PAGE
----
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Sounds of Mars & Venus Revealed for 1st Time April 3, 2012

Posted by astronewsus in Mars, Projects & Fun Things, Saturn, Solar System, Venus.
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In a world first, the sounds of Mars and Venus are revealed as part of a planetarium show in Hampshire this Easter.

Despite many years of space exploration, we have no evidence of the sound of other planets. While most planetary probes have focused on imaging with cameras and radar and a couple have carried microphones, none of them successfully listened to the sound of another world.

Now, a team from the University of Southampton, led by Professor Tim Leighton, has the answer. Using the tools and techniques of physics and mathematics, they created the natural sounds of other worlds, from lightning on Venus to whirlwinds on Mars and ice volcanoes on Saturn’s moon, Titan. In addition to these natural sounds, they have modelled the effects of different atmospheres, pressures and temperatures on the human voice on Mars, Venus and Titan (Saturn’s largest moon). They have developed unique software to transform the sound of a voice on earth to one that’s literally ‘out of this world’.

Full Story: http://www.southampton.ac.uk/mediacentre/news/2012/apr/12_59.shtml

Live Feed of Venus-Pleiades Conjunction, Apr. 3 April 2, 2012

Posted by astronewsus in Celestial Events, Conjunctions, Deep Sky Objects, Open Clusters, Solar System, Venus.
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Slooh Space Camera will broadcast a free, real-time feed of the most famous star cluster in the heavens, the Pleiades, meeting up with our nearest and brightest planetary neighbor, Venus. Slooh’s coverage will begin on Tuesday, April 3rd starting at 1:30 PM PDT / 4:30 PM EDT / 20:30 UT. Slooh will provide an observatory feed from our world class observatory site in Canary Islands off the coast of Africa. The broadcast can be accessed at Slooh’s homepage or by visiting Slooh’s G+ page, where you will be able to see the panel interact live via G+ Hangouts On Air.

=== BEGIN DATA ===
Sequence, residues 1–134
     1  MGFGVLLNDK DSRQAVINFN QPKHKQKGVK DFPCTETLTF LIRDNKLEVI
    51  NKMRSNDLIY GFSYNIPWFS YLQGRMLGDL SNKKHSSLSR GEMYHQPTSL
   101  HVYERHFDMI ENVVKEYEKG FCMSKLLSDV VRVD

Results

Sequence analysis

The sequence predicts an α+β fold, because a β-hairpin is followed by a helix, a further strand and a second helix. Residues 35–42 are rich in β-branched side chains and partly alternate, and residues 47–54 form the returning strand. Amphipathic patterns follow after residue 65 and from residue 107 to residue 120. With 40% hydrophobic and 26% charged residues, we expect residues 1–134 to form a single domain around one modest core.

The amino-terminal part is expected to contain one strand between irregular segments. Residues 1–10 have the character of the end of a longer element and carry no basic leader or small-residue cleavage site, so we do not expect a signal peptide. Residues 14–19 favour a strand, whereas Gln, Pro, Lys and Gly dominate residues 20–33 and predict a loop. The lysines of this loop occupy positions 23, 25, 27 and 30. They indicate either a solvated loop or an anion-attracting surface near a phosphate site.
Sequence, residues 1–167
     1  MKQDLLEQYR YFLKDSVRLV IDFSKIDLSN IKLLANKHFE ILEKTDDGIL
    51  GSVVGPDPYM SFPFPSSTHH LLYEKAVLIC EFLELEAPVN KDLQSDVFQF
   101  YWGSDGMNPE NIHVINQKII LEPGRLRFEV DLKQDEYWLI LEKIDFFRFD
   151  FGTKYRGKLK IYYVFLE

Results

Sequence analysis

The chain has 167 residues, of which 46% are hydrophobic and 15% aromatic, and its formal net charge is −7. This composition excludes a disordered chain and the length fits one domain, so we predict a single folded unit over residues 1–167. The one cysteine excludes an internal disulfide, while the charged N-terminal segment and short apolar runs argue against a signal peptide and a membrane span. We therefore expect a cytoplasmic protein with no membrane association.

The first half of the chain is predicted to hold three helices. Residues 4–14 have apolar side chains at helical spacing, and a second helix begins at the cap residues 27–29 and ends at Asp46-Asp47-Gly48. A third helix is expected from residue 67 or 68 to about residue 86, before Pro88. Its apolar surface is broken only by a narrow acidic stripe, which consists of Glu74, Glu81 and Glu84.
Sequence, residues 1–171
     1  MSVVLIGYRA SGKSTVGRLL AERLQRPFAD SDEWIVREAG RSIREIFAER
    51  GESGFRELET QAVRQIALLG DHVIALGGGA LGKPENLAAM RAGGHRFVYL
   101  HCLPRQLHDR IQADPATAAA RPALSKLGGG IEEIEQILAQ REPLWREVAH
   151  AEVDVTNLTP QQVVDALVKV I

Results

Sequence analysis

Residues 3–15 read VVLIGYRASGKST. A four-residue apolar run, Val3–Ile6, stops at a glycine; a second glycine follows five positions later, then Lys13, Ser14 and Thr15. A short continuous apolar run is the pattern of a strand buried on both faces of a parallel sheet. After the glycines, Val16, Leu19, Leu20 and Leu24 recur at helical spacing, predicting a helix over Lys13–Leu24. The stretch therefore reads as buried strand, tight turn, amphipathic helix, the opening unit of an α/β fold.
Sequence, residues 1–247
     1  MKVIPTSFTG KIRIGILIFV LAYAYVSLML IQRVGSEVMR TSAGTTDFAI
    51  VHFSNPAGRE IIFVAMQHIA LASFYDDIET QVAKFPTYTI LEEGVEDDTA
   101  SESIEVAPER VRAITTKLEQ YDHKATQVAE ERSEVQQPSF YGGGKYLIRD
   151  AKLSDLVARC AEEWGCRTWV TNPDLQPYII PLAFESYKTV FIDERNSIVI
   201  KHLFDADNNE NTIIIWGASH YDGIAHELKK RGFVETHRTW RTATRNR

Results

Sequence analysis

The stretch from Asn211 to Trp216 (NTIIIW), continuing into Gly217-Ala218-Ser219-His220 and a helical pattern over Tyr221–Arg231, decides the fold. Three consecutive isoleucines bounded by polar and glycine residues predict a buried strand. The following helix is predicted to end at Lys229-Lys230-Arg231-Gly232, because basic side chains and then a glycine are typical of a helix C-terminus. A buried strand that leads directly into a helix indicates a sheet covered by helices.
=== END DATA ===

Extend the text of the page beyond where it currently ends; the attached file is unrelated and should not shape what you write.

The Pleiades, otherwise known as the Seven Sisters, is a beautiful bright blue open star cluster 440 light years from Earth. The relative tightness of the cluster is indicative of its young age as the member stars were formed some 100 million years ago and will probably travel together through space as a bound cluster for another 250 million years before the gravity of the Milky Way breaks up the cluster into individual field stars. The central core radius of the cluster is only about 4.5 light years but the remote outer regions of the cluster may extend out as far as 52 light years from the center. The brighter members of the cluster, which make up the Seven Sisters, are blue stars with surface temperatures of about 20,000 degrees which is four times hotter than our own Sun.

Venus is sometimes called the Earth’s sister planet because they are so close in size. However, Venus is very different in many ways, with an atmosphere almost 100 times thicker than Earth’s composed of sulfuric acid and carbon dioxide. Even though it is only slightly closer to the Sun, the surface of Venus averages 900 degrees making it the hottest place in the solar system outside the Sun itself.

While Venus and Pleiades are hundreds of light years apart, they will appear together as neighbors in the same field of view. Venus will pass just below the bright blue star cluster. This incredible event happens only once every eight years.

Full Story: http://www.slooh.com/pr/slooh-live-feed-venus-pleiades-conjunction-april-2012.php

Come Take A Trip In My Airship – Natalie Merchant March 18, 2012

Posted by thelastsongiheard in Celestial Events, Conjunctions, Jupiter, Moon, Personal Recollections, Solar System, Venus.
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This is a post I wrote a few weeks back when my son and I were looking at Venus, Jupiter and the Moon.

Venus and Jupiter were approaching their conjunction, which happened about a week ago.

Come Take A Trip In My Airship – Natalie Merchant.